Arkansas St. statement indicates Miami had option to play Friday night, chose not to travel

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Wednesday morning, Miami announced that, because of Hurricane Irma, its game against Arkansas State in Jonesboro had been canceled and, because the teams don’t share a bye week the remainder of the season, won’t be made up this year.  During a radio interview, athletic director Blake James indicated that ASU was “frustrated” by the decision to cancel.

A statement from James’ counterpart released a short time later publicly confirmed said frustration.

According to ASU AD Terry Mohajir, the pertinent parties involved, including the Sun Belt Conference office and ESPN, which was broadcasting the game, gave the two schools “the option to move the game and broadcast to Friday night, which gave the University of Miami an alternative.” “Ultimately, the Miami administration made the decision not to travel,” Mohajir added.

Below is the statement, in its entirety:

Having lived in Palm Beach County for seven years, my thoughts and prayers are with everyone in South Florida as they prepare for Hurricane Irma.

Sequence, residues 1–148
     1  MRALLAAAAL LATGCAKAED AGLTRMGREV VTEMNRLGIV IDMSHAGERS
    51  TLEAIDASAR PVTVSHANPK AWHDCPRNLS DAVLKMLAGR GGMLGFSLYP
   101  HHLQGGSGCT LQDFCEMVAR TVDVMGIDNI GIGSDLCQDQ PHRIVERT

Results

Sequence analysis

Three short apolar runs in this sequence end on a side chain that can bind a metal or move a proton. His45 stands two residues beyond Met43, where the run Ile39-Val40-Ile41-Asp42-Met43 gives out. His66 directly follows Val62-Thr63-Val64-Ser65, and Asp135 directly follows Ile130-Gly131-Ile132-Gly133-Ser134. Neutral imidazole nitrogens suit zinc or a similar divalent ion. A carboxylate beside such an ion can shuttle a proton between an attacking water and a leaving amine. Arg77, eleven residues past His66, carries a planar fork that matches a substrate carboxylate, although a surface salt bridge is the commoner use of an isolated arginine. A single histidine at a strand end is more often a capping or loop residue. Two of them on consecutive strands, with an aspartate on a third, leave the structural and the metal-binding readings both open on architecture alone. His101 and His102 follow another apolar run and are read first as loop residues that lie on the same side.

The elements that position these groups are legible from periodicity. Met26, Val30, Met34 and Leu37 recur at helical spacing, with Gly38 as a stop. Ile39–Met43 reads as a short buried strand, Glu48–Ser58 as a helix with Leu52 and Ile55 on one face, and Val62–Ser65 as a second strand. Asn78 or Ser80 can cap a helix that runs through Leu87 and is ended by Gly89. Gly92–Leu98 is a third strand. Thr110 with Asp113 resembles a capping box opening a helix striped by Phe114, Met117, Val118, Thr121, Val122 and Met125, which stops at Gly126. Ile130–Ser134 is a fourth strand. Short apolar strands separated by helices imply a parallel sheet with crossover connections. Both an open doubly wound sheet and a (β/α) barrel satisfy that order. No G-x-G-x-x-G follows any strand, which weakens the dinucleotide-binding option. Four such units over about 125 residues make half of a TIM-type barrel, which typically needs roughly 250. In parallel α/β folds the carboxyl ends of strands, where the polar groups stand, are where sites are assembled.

Over the past 24 hours I had numerous exchanges with University of Miami Athletics Director Blake James, offering to make additional accommodations for his players and program to assist them with their trip to Memphis and Jonesboro. This morning I spoke with Blake (James), who informed me their team will not be making the trip to Jonesboro to play in our game this Saturday.

I appreciate the Sun Belt Conference office, Commissioner Karl Benson and ESPN’s work to give us the option to move the game and broadcast to Friday night, which gave the University of Miami an alternative. Ultimately, the Miami administration made the decision not to travel.

We are currently working through all the variables associated with the game not being played. We will keep the fan base and media updated as we know more.

While the frustration is understandable — this would’ve been the biggest home football game in the university’s history — it pales in comparison to what the people of South Florida are preparing to go through as Hurricane Irma, a Category 5 storm that’s one of the largest in recorded history, is expected to make landfall this weekend.  Some perspective through the frustration is certainly in order.  After all, it’s just a football game, regardless of how big of one it is from your end of the lens.

Minnesota gives Fleck 1-year extension, plus raise

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Matt Krohn/USA TODAY Sports
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MINNEAPOLIS — Minnesota football coach P.J. Fleck had his contract extended Wednesday by an additional year with a $1 million raise in annual salary, after the latest round of big spending by Big Ten rivals.

The new seven-year deal will run through the 2029 season, the university announced without releasing terms. Fleck will now make $6 million per year, a person with knowledge of the contract confirmed. The person spoke to The Associated Press on condition of anonymity because the deal had not yet been finalized.